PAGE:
20 January, 2002
Greetings and commendations unto the Heralds and Pursuivants of the East Kingdom from Tanczos Istvan, Eastern Crown Herald!
This is the Letter of Report (LoR) on the Internal Letter of Intent (IloI) number 2001-05, dated 2 October, 2001. Acceptances on this letter have been sent to Blue Tyger Herald, to be included in an External Letter of Intent (XloI) to Laurel and the College of Arms.
Istvan Eastern Crown
1. Edward Glass - new badge accepted
(Fieldless) A pair of eyeglasses sable.
The glasses are not 'folding'. They are also straight out of the PicDic.
2. Emme Attewater - new name accepted & new device
Azure, an alewife naiant argent and in base a ford.
Emme: Withycombe p 103; Attewater: R&W pp18-19, variant of Attwater
Withycombe dates Emme to 1440, and R&W dates; Atewatr to 1198.
3. Gericke von Keger - new name accepted & new device
Argent, a wolf's head cabossed sable a bordure indented purpure.
Gericke from Bahlow, p166 s.n. Gericke 'see Gerke'; Gerke p 166 'Gereke around 1250-1350'; von Keger - Brechenmacker L&K p 24 s.n. Keger 'S. Kagerer 1273 Ruodder Keger'; s.n. Kager(er) p2, '1501 Kager, s Keger'; 'Kager'(20 malinBay)
4. Gregor Klöwenhammer - new name accepted & new
Or, a pale sable between two wiverns displayed azure.
Gregor from Gwynek's Medieval German Given Names from Silesia, cited to 1389; Klöwenhammer from Bahlow, header form, 'Jan Clofhammer, Danzig, 1377'
5. Hagbarðr leðrfótr - new name accepted
& new device accepted
Argent, an anvil and in chief three mullets one and two azure.
Geirr Bassi has Hagbarðr, and the following: Leorháls 'leather neck', Langháls 'long neck', Fótr 'foot, leg' amalgamated to make 'leather foot'
Hagbarðr is on p 10 of Geirr-Bassi, as a male given name. The actual citation from Geirr Bassi lists leðrhals. This means that the proper form of the submitted byname is leðrfótr. Since Norse bynames are usually not capitalized, we have made the byname lowercase.
6. Henry Balsac Dumass - new name accepted & new device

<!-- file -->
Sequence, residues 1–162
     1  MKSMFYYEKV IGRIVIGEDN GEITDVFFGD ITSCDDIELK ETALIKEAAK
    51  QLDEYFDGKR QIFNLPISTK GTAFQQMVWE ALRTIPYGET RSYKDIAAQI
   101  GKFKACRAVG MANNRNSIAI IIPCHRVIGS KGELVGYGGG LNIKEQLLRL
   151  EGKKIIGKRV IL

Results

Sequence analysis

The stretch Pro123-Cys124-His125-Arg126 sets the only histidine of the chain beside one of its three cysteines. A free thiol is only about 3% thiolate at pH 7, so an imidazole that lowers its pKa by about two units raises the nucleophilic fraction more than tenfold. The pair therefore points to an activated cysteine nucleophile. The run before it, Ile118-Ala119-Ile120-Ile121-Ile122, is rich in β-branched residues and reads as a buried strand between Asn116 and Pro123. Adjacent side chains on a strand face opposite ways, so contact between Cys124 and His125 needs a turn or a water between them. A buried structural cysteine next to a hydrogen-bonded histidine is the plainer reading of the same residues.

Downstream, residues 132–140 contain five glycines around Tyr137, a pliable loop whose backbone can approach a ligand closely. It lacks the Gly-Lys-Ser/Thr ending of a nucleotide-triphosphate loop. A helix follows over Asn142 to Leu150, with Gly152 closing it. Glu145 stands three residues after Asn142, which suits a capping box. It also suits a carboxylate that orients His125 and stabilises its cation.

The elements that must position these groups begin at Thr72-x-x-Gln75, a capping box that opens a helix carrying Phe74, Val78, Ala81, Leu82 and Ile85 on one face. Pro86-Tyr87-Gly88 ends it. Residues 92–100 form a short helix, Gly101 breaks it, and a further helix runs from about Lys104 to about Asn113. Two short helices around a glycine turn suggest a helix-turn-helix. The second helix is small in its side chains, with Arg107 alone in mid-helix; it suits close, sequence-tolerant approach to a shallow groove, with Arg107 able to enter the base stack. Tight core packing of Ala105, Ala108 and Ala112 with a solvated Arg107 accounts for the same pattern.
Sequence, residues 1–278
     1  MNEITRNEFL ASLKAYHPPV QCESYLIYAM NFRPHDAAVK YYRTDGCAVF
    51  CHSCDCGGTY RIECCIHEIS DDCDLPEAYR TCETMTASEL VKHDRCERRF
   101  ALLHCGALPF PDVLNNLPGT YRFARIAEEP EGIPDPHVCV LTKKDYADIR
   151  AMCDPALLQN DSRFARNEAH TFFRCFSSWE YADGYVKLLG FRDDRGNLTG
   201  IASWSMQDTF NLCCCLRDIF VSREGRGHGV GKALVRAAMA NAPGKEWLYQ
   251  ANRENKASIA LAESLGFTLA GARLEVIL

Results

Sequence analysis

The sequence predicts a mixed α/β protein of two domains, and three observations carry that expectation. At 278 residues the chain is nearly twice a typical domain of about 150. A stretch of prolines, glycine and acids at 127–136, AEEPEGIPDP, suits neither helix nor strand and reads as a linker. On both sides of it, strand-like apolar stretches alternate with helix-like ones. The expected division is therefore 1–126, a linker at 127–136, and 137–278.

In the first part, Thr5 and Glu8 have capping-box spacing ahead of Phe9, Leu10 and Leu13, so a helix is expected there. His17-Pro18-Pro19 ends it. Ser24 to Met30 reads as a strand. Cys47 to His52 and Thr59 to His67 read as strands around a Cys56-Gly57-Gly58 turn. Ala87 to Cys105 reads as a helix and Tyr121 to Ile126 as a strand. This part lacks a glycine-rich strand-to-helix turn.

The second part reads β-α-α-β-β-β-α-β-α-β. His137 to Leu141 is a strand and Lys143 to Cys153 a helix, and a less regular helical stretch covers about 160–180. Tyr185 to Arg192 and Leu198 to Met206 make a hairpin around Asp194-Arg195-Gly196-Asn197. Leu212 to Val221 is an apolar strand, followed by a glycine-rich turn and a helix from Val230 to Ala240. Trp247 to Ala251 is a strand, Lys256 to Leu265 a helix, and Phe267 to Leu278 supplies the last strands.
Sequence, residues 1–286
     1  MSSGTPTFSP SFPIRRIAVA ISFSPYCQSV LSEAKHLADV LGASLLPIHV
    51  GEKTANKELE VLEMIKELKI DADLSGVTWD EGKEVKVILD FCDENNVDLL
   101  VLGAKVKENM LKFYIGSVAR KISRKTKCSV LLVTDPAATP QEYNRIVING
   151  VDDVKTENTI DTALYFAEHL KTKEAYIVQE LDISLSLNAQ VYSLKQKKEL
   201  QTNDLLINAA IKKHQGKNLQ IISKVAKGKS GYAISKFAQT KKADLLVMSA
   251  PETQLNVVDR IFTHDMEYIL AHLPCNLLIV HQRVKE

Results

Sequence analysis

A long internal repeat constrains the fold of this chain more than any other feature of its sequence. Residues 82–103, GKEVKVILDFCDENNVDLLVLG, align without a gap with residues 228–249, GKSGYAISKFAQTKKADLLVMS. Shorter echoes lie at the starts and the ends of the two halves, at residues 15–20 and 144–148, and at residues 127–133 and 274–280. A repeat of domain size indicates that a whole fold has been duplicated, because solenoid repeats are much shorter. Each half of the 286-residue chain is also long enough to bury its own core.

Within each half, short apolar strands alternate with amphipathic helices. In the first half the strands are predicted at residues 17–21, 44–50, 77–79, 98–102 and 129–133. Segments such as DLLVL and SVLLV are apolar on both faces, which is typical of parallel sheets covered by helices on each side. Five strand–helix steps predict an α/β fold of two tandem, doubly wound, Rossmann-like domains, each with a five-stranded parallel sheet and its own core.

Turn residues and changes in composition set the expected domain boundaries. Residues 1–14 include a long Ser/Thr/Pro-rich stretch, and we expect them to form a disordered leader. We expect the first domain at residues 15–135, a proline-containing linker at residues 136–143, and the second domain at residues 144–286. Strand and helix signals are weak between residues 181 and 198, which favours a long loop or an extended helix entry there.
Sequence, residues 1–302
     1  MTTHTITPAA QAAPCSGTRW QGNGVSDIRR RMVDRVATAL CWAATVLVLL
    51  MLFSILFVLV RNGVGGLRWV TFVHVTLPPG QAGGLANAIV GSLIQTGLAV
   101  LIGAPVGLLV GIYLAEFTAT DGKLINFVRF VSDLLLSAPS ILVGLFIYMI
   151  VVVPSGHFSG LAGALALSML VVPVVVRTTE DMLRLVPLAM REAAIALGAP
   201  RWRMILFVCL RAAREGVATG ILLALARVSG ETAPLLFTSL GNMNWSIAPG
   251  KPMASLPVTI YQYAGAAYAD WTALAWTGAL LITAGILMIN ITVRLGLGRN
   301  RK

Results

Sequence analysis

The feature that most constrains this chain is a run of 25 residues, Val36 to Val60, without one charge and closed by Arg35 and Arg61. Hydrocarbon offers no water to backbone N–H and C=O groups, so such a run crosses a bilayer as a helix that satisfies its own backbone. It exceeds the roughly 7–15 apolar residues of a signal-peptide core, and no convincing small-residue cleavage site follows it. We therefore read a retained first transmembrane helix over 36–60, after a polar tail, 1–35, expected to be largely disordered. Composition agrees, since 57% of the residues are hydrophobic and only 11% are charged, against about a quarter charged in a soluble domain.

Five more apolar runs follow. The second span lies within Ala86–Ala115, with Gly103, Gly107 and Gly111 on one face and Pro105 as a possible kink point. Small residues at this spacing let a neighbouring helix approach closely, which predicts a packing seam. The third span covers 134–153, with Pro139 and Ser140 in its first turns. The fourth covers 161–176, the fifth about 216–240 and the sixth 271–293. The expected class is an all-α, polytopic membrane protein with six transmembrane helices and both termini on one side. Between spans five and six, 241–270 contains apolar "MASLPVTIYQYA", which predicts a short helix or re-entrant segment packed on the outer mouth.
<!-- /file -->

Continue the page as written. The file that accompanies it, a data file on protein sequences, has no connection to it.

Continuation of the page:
Argent, a heart voided sable within an orle of grapevine proper.
Henry from Dauzat p324 & Morlet p 506-7 variant of Henri M. dates to 10th C; Balsac from Morlet p72 s.n. Balzac (variant sp) a town from Roman times (Ballitiacum); Dumas(s) from Morlet p359 & Dauzat p221 s.n. Dumas from 'Delmas' meaning 'of the mansion' Latin mansus -> OF mas.
This form of the locative in the surname is odd, and may not be registerable. We are also leaving the decision of whether or not to disallow this name for offensiveness to Laurel. As regards the device: the style of framing with a plant wreath is atypical of period heraldry, but allowable in the SCA. Hearts are a voidable charge, and voided charges are allowed in the center of the field.
7. John Marshall of Hartshorn-dale - new name accepted
& new device accepted
Azure, a squirrel and on a chief Or a fork and spoon in saltire azure.
John from Withycombe s.n. John 'a fairly common English name in the 12th-15th C; Marshall - R&W s.n. Marshall et al 'le mareschall' dated to c.1140 also de Bracton's 'A Statistical Survey of Given Names in Essex Co. England 1182-1272' - Marshal; Hartshorn-Dale branch name registered 8/88Submitted as "John Marshall of Hartshorn Dale", the group name is registered at Hartshorn-dale, thus that is how we must accept this name. Sejant erect is the default for squirrels, so we can leave it out of the blazon. In this posture, the squirrel is frequently drawn holding a nut between its forepaws, though it is not usually explicitally blazoned.
8. Kassandra Aiantos - new name accepted & new device
Gules, in fess three demi-snakes erect within a bordure embattled Or.
Kassandra from Withycombe p59 listed as 'classical Greek name revived in England'; Aiantos - Greek 'daughter of Ajax' submission sheet says 'construction done by Prof Wolfgang Haase from Boston University'.